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Pathology’s Modern-Day Water Cooler: Digital Pathology Connections Community

Catarina Eloy MD, PhD
Bethany Williams MBBS PhD

Among the downsides of the pandemic-driven shift to remote working is the loss of water cooler conversation – a work tradition that extends across nations.

Historically, a water cooler conversation is a day-to-day activity where staff members come together (often around a water cooler) and have face-to-face casual conversations on work-related topics. Water cooler talk has been a great way to bring colleagues together to connect in an otherwise formal work environment. However, even though the worst of the pandemic is over, this event has largely come to a standstill.

Pathology needs such dialogue as never before. We are at an incredible moment of opportunity, driven by technological advances such as digital pathology and computational pathology. We are also full of challenges, including a current shortage of pathologists worldwide, fewer medical students entering the specialty, and uncertainty about how artificial intelligence will influence our work and our role within dynamic health systems. More than ever, we need to collaborate and help each other think through these large and complex topics.

Fortunately, there is a new community called Digital Pathology Connections (DPC) that is quickly becoming pathology’s modern-day water cooler. DPC is a virtual global community launched in October 2022 by pathologists for pathologists to provide a hub for educational content and discussion of timely topics. In just a few months, DPC has attracted more than 300 members worldwide. This robust response underscores pathologists’ interest in a non-commercial forum where we can freely exchange ideas, share real-world experiences and learn from each other’s successes and failures.

Certainly, a topic as important as digital pathology necessitates accredited working groups, rigorous study, peer-reviewed scientific papers, and detailed policy guidelines. We must maintain the thoughtfulness, rigor and discipline that are hallmarks of our profession. That noted, we would be equally remiss if we did not acknowledge we should complement scientific and clinical analysis with lived experience, evidence and anecdotes.

As Charter Members of DPC, we can attest that learning from peers in an informal setting resonates in a meaningful way that differs from learning gleaned by an expert talking from a podium.

For example, an early poll of DPC members found the most important barrier to digital adoption is financial, which may seem evident to some but was surprising to many. Further, we were intrigued to see how the poll results catalyzed a fascinating (virtual) conversation about cost/benefit analysis, with institutions farther along in their digital journey sharing advice with those earlier in their journey regarding validating ROI models, quantitative outcomes measures, and the importance of conveying ‘soft’ benefits such as enhanced quality and improved patient management.

A separate poll revealed members’ interest in learning how institutions handle remote working as we collectively emerge from the acute phase of the COVID-19 pandemic. Resources were shared, including free tools – creating a living curriculum that will be refined over time by DPC members. This type of co-creation for professional education is unprecedented in pathology and is tremendously exciting.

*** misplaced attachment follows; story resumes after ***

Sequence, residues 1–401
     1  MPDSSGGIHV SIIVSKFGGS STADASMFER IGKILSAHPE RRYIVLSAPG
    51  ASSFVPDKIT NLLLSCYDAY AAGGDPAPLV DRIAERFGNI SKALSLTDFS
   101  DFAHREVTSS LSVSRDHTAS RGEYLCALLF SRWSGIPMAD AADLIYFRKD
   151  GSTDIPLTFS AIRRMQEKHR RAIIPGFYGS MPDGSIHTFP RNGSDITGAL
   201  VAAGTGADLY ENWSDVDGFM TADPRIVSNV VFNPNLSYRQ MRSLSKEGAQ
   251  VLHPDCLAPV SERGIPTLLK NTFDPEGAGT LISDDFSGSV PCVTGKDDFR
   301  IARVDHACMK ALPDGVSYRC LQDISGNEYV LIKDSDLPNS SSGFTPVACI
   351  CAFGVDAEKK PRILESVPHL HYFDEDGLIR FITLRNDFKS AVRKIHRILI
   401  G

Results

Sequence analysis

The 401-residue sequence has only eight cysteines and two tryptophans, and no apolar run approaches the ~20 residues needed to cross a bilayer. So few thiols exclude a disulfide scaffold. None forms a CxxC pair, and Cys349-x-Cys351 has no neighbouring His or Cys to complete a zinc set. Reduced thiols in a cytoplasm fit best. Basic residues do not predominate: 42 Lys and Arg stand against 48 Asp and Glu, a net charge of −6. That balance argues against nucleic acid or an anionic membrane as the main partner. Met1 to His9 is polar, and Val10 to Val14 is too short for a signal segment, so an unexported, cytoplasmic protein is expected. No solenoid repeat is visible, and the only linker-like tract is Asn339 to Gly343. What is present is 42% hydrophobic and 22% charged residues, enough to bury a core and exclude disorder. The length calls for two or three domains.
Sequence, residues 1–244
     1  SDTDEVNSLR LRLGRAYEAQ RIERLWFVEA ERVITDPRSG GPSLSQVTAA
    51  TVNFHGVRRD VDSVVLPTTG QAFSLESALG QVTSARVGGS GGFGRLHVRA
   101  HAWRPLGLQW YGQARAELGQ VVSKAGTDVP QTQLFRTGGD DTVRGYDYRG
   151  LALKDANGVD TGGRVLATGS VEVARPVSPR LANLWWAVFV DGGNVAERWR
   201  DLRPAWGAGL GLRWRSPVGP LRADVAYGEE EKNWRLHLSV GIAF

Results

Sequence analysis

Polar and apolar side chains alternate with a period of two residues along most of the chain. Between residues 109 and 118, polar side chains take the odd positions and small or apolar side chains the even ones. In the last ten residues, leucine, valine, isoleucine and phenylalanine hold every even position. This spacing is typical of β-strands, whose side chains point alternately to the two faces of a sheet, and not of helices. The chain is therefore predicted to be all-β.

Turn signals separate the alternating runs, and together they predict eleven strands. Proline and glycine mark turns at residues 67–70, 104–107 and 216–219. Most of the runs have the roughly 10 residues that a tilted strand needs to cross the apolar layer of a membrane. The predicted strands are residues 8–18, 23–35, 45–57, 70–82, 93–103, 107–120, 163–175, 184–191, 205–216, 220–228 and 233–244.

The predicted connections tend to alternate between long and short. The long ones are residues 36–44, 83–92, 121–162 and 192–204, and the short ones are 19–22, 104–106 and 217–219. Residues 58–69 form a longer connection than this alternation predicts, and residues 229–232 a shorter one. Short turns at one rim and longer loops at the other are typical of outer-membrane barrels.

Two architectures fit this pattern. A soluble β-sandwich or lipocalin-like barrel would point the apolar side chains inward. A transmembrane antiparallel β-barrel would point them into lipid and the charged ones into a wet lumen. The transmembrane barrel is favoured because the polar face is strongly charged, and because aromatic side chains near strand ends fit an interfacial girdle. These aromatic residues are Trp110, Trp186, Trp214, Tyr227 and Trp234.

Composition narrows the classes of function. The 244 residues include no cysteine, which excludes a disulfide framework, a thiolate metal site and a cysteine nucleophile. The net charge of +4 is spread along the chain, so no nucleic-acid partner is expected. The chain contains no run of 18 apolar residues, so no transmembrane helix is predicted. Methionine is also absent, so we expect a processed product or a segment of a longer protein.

For those of us who have been at the forefront of digital transformation, we don't want to keep it just for ourselves. We want to share with our colleagues and show how we overcame our difficulties, our problems and extol the benefits. It is in this spirit we invite you to join DPC by registering on our LinkedIn hub. In the coming months, fellow Charter Members Sylvia Asa, MD, PhD (USA/Canada) and Giovanni Lujan, MD, PhD (USA) will host discussions on the impact of digital pathology on careers and preparing residents for Computational Pathology, respectively. We encourage you to explore the existing discussion threads and engage in upcoming conversations. Share your perspective, post comments, ask questions, suggest topics, and connect with other members of the Community. Join the conversation here!


About the presenters

Catarina Eloy , MD, PhD

Dr. Catarina Eloy is the Head of the Pathology Laboratory of IPATIMUP/ Researcher at i3S/ Affiliated Professor of Medical Faculty of The University of Porto. She is also the former President of the European Society for Digital and Integrative Pathology and Vice-president of the Portuguese Society of Anatomic Pathology.

Dr. Eloy received her MD in 2003 from the Medical Faculty of The University of Porto with a specialization in Pathology

Dr. Eloy has been a researcher since 2006 at the cancer signaling & metabolism of i3S/Ipatimup and received a Ph.D. in Thyroid cancer in 2012 by the Medical Faculty of The University of Porto.

Dr. Eloy has 70 publications and three academic and scientific awards/distinctions.

Bethany Williams , MBBS PhD

Dr. Bethany Williams is a Specialty Doctor at Leeds Teaching Hospitals NHS Trust and the University of Leeds, and the Lead for Training, Validation and PPI at the National Pathology Imaging Co-Operative in the United Kingdom. She has published extensively in the fields of digital pathology patient safety, evidence based digital pathology training and validation and effective digital deployment. Her body of research earned her the Pathological Society’s medal for research impact, and she is regularly invited to speak at international conferences as an authority on the digital pathology evidence base, practical deployment and patient safety. 

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